The issue is more complex than I’m laying out, but what I’m laying out is also the ground floor minimum standard for a statistical analysis trying to show a difference worth taking seriously. I’m not even arguing that effects that fail to meet corrected statistical significance should be ignored! But if the effect isn’t statistically significant, there needs to be other justification to look at it, such as a large estimated magnitude. This is particularly the case in the social sciences, because the study of humans has an interesting property: everything has effects. When our context is different, we’re different. If you made a precise enough measurement, which is done by using a large enough study, absolutely every change in human environments will result in statistically significant changes in outcomes!

(I’ll skip a long explanation of why statistical significance in social science isn’t totally useless given that everything in social science is, at a high enough resolution, statistically significant. I follow the advice of a number of prominent statisticians in the social sciences that p-values and significance aren’t the best way to look at things, but I also understand that their dominance in fields such as education is hard to overcome. They still have useful properties, provided care is taken in their interpretation).

This brings us around to a recent study circulating on the use of OER (Open Educational Resources) versus traditional textbooks . This is really, really interesting! And they look at multiple outcomes, like our candy example, which is fantastic! But, because they do (at least) five comparisons, and don’t discuss how they did a multiple comparisons correction at all, there’s no way to be confident in their claims of a demonstrated difference. They don’t report enough data to approximate the correction from the paper, either. For three of their five comparisons they report no effect estimates, and for the two they do report, there’s no calibration that would assist in telling if the effects are large.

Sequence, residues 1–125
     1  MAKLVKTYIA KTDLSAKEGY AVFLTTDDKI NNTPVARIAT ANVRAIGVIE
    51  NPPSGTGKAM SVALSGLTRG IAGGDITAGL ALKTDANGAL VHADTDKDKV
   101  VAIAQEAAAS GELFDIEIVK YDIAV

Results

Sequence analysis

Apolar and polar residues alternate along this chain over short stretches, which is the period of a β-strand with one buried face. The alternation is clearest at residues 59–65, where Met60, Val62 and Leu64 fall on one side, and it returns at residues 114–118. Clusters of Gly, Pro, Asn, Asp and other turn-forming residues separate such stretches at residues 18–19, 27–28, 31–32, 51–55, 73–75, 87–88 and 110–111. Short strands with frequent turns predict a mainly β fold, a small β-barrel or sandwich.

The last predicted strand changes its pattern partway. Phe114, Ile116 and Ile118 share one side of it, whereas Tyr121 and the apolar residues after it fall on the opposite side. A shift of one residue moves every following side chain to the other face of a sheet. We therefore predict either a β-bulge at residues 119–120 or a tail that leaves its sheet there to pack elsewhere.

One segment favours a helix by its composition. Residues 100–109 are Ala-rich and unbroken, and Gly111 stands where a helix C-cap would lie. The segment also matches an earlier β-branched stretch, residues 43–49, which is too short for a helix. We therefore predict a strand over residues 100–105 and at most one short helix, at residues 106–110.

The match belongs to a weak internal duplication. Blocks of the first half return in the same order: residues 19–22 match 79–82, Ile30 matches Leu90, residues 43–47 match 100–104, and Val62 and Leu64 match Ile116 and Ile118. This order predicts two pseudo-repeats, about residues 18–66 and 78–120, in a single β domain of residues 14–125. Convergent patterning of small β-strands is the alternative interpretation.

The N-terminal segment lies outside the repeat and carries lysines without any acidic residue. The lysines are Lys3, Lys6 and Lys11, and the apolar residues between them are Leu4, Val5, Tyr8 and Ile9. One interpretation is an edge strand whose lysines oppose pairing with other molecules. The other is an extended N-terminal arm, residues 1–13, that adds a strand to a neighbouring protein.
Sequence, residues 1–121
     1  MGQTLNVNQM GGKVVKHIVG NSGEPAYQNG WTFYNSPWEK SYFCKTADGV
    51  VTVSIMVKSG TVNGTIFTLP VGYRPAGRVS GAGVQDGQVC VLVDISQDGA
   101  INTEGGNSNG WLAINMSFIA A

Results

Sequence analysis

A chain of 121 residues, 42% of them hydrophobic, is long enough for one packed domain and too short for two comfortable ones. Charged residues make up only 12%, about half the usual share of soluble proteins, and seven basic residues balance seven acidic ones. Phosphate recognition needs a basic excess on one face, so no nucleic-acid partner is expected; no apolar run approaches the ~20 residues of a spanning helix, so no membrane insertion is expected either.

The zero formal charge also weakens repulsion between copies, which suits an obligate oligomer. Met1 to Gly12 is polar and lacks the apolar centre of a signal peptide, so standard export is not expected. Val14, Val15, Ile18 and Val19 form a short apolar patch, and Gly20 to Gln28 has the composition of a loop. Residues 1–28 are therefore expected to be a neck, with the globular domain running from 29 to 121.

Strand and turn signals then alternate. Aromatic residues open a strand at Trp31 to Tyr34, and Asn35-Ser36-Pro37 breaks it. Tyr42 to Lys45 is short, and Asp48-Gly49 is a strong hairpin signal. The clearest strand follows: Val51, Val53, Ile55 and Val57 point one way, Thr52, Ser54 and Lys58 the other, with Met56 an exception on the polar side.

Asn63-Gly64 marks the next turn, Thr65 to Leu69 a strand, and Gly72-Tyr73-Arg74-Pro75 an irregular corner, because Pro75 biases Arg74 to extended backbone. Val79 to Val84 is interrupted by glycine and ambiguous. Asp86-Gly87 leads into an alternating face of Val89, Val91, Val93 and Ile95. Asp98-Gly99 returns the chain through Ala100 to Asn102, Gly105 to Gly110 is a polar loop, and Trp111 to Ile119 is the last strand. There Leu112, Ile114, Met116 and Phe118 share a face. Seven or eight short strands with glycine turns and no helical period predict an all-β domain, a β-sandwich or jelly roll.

Did they find emotions in dead salmon? Their failure to report enough detail about their methods and results means we can’t be sure, but it seems pretty likely. That undermines their claims of improved results (and increased intensity) with OER, which take up much of their discussion. Which is too bad, because I think what can be reasonably concluded from the unfortunately limited results and data they present, that OER courses have little to no difference in outcomes compared to ones using purchased textbooks, is a great result, and one that should be spread widely.

Be careful of multiple comparisons when looking at data. They’re one of the most common ways to find spurious results, because, as humans, we search for novelty, and one of the most novel looking things is a result that isn’t true. For example, compute correlations between a handful of data sets and look at the largest, and you’ve done a huge number of comparisons. Or in a Business Intelligence tool, make a bunch of graphs. When running a study, try several ways of analyzing the data until you find one where the effects seem to ‘make sense’.

In any of these you’re virtually guaranteed to find at least one result that doesn’t really exist. Is it the one you’re looking at?

Image Credit: Neural correlates of interspecies perspective taking in the post-mortem Atlantic Salmon: An argument for multiple comparisons correction by Craig M. Bennett, Abigail A. Baird, Michael B. Miller, and George L. Wolford